Bowel Movements and Urination

Your baby's first bowel movements are made up of a black, tarry substance called meconium. You can wipe the meconium from your baby's skin with warm water and baby lotion or oil. In breastfed babies, meconium slowly changes to a loose stool that is mustard-colored. Breastfed babies usually have three or more bowel movements a day. The stools will not have an unpleasant smell.

In bottle-fed babies, stools are more formed and vary from soft to pasty, and from yellow-green to yellow-brown in color. They have an unpleasant odor. Bottle-fed babies usually have one to four bowel movements a day. Dry or hard stools mean that your baby needs more fluids.

Your baby will urinate within the first 24 hours following birth. Even if she hasn't taken in any fluids, she will lose some of the fluids that collected in her tissues during her life in the womb. A baby who is getting enough fluids will have about six to eight wet/dirty diapers a day. The urine should be clear or pale yellow.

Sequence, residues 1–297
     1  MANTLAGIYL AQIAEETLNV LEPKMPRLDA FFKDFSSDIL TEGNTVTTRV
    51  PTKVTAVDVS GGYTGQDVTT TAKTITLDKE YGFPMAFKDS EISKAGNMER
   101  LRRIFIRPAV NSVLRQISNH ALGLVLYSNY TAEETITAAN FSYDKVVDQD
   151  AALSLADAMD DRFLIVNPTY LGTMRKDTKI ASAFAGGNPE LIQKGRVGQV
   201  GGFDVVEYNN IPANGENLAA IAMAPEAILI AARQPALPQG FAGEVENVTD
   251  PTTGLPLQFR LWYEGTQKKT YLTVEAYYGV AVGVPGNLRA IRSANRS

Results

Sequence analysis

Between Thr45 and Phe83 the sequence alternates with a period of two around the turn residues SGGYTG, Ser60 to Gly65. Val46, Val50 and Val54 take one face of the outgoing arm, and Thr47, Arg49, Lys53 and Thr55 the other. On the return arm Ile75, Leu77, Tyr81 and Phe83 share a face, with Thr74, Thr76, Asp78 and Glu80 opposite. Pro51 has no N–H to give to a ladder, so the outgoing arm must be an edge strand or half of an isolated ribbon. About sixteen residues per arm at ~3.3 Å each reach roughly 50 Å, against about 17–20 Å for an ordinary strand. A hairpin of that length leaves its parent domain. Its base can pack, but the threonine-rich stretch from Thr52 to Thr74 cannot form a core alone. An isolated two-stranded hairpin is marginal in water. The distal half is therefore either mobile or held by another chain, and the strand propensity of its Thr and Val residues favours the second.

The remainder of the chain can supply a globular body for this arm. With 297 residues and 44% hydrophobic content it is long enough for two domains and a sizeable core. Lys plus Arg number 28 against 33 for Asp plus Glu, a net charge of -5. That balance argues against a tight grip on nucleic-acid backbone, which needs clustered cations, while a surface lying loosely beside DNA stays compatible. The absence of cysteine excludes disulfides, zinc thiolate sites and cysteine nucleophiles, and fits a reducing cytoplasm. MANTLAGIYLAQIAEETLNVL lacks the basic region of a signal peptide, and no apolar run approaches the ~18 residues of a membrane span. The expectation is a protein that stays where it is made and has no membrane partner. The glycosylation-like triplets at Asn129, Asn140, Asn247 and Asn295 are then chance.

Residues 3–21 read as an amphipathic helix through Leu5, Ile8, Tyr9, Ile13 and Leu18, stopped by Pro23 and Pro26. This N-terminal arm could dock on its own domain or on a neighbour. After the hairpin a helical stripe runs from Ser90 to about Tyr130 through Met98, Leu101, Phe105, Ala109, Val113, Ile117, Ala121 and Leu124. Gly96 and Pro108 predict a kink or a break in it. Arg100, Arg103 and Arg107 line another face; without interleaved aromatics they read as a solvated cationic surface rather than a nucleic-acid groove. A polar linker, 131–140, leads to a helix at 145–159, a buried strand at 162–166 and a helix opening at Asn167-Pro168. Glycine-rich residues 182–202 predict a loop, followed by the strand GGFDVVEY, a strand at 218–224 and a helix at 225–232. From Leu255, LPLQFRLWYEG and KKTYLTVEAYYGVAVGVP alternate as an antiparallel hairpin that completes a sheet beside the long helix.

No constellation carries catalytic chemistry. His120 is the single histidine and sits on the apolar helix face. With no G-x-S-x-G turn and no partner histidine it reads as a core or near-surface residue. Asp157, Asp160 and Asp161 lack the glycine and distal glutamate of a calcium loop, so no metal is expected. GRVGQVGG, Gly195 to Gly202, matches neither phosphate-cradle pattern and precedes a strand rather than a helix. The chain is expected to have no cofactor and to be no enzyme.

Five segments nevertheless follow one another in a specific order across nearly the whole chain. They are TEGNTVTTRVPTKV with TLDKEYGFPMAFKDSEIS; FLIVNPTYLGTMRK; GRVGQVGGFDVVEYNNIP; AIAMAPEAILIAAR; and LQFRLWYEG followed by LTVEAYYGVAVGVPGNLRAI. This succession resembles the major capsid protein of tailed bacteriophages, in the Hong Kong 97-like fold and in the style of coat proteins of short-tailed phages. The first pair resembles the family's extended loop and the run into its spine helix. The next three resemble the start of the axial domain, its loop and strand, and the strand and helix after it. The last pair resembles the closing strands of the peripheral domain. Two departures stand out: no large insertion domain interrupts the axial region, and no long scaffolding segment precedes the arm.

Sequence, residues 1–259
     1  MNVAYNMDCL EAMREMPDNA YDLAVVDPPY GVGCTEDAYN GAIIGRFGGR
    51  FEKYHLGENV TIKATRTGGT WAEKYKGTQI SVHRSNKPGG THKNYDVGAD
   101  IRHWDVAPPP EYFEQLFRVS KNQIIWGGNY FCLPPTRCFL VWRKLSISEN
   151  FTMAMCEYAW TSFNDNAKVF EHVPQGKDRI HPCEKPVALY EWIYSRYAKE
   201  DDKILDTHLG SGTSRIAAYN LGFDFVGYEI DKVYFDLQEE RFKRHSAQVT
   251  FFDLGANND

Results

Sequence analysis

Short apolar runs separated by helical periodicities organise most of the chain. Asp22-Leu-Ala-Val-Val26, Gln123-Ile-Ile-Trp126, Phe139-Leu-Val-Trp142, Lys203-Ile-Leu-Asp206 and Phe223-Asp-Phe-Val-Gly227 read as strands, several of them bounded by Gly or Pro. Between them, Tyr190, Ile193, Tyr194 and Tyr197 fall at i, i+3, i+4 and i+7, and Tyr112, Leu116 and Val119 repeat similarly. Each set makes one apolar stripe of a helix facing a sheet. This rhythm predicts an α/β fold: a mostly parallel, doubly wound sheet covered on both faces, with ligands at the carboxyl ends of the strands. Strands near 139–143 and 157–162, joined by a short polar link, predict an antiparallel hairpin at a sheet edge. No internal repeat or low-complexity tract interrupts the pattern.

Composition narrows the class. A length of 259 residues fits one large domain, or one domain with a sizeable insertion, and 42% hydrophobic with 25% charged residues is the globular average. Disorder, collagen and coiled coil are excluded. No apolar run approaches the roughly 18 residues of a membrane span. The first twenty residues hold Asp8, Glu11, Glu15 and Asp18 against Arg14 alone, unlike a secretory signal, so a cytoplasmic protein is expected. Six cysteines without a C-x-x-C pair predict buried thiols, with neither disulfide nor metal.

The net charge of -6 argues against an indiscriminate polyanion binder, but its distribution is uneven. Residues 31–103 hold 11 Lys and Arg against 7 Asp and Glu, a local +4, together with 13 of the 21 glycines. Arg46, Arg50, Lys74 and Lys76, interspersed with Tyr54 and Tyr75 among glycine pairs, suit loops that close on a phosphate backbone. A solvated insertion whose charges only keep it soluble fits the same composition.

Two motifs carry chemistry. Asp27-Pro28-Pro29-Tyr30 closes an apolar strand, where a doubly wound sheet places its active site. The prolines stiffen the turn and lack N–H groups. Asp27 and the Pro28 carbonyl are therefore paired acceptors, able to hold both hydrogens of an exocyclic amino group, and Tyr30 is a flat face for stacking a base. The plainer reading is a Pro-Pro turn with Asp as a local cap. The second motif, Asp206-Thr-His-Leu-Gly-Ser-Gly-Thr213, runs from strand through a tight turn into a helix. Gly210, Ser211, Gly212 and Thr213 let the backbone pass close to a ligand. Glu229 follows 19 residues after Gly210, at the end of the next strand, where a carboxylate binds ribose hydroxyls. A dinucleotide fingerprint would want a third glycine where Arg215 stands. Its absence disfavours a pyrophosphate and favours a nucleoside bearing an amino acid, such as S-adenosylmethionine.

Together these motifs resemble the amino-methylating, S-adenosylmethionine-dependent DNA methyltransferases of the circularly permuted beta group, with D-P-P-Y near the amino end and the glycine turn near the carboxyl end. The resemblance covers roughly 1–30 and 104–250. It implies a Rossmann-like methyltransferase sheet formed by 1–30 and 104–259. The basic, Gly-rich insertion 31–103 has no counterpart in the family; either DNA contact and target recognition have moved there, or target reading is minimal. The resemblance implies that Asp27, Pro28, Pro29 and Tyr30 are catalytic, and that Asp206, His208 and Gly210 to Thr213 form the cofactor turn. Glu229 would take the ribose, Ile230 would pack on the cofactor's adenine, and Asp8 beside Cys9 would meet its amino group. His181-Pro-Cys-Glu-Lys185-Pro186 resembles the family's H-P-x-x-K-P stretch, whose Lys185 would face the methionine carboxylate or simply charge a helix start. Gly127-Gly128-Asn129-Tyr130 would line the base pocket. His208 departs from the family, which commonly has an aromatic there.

Continue to "Jaundice" journey to parenthood

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Childbirth Connection is a national not-for-profit organization founded in 1918 as Maternity Center Association. Our mission is to improve the quality of maternity care through research, education, advocacy and policy. Childbirth Connection promotes safe, effective and satisfying evidence-based maternity care and is a voice for the needs and interests of childbearing families.
Most recent page update: 9/9/2010